In hypothyroidism, also known as myxoedema, the thyroid gland does not produce enough thyroid hormones. These hormones are important in regulating the body’s metabolism. A deficiency causes a slowing down of many of the body’s functions.
Hypothyroidism is more common in women, particularly over age 40, and runs in families.
Causes of Hypothyroidism
- A common cause of hypothyroidism is thyroiditis. The most common type of thyroiditis leading to hypothyroidism is an autoimmune disorder known as Hashimoto’s thyroiditis, in which the body produces antibodies that attack the thyroid gland, damaging it permanendy. Other forms of thyroiditis may lead to temporary or permanent hypothyroidism. Thyroiditis occurs in women after the birth of a baby in about 10 percent of cases, but is usually a temporary condition.
- Treatments for an overactive thyroid gland that involve radioactive iodine or surgery can also lead to permanent hypothyroidism. These treat¬ments destroy part of the gland, and the tissue that remains may not produce sufficient hormones.
- Insufficient dietary iodine, which is essential for the production of thyroid hormones, can cause hypothyroidism but is rare in developed countries.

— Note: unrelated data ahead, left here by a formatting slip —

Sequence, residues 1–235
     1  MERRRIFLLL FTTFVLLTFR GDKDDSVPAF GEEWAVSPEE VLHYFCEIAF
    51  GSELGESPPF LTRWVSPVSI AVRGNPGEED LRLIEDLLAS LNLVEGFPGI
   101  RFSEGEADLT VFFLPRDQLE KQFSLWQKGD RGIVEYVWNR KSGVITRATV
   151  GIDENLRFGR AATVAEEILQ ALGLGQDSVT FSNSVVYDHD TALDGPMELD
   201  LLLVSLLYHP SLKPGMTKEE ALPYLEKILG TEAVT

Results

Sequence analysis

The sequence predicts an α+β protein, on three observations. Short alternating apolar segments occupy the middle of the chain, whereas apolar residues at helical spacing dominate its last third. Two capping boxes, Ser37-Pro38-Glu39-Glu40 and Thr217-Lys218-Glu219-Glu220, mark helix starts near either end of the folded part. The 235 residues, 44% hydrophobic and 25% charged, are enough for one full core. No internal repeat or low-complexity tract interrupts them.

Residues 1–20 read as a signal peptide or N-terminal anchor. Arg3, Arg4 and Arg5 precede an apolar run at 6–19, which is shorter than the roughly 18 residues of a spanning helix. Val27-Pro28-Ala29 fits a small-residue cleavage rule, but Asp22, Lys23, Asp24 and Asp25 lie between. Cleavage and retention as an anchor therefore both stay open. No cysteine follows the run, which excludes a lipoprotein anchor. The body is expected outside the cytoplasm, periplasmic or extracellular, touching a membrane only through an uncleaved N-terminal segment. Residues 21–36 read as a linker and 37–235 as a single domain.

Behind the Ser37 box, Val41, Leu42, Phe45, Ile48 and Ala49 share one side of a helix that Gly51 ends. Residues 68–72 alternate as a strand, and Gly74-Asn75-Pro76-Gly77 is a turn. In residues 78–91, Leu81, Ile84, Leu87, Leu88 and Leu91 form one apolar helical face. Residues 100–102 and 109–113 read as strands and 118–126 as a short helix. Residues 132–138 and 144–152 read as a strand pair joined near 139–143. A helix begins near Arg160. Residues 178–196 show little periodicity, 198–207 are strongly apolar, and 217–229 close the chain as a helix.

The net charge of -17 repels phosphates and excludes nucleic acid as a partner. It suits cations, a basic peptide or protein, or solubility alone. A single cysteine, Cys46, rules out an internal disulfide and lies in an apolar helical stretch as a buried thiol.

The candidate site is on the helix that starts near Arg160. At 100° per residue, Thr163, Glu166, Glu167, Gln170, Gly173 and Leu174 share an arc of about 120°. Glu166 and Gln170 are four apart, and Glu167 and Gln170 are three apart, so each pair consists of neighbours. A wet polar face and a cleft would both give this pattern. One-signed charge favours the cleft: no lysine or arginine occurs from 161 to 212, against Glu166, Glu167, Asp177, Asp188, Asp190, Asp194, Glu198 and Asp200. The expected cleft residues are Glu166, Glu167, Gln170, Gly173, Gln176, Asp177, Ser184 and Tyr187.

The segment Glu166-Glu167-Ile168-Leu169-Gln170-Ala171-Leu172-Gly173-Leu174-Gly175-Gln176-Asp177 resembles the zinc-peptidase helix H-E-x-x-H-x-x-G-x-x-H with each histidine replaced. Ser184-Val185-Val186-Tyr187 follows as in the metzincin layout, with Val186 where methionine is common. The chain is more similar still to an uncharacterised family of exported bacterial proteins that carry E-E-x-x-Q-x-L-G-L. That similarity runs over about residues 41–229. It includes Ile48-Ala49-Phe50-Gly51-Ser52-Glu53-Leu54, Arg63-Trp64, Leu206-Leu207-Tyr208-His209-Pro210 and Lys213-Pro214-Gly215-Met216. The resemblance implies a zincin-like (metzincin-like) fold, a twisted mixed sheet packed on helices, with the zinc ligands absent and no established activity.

- In rare cases, hypothyroidism is due to the pituitary gland releasing insufficient amounts of thyroid-stimulating hormone (TSH), which stimulates the thyroid gland to secrete its own hormones. The underproduction of TSH is often due to a pituitary tumour.
Symptoms of Hypothyroidism
The symptoms of hypothyroidism vary in severity, usually develop slowly over months or years and may initially go unnoticed. Symptoms include:
- fatigue, which may make even minimal physical activity difficult
- weight gain
- hoarseness of the voice
- intolerance to cold
- swelling of the face and puffy eyes
- generalized hair thinning
- in women, heavy menstrual periods.
Some people with hypothyroidism develop a swelling in the neck (a goitre) due to an enlarged thyroid.
Measures of Hypothyroidism
Your doctor may arrange for you to have blood tests to measure the levels of thyroid hormones and to check for antibodies that act against the thyroid gland.
Treatment of Hypothyroidism
Treatment is aimed at the underlying cause. Permanent hypothyroidism may be treated with replacement synthetic thyroid hormones, which you will need to take for life. The symptoms should begin to improve about three weeks after drug treatment starts. Hormone treatment must be monitored regularly to ensure that the correct dosage is maintained.
If a pituitary tumour is the cause, further tests will be done and the tumour may be removed surgically or treated with radiotherapy. Temporary hypothyroidism does not usually need to be treated, but short-term hormone replacement may be given in some cases, for instance if thyroiditis occurs after birth. A deficiency in dietary iodine can be treated with supplements or an improved diet.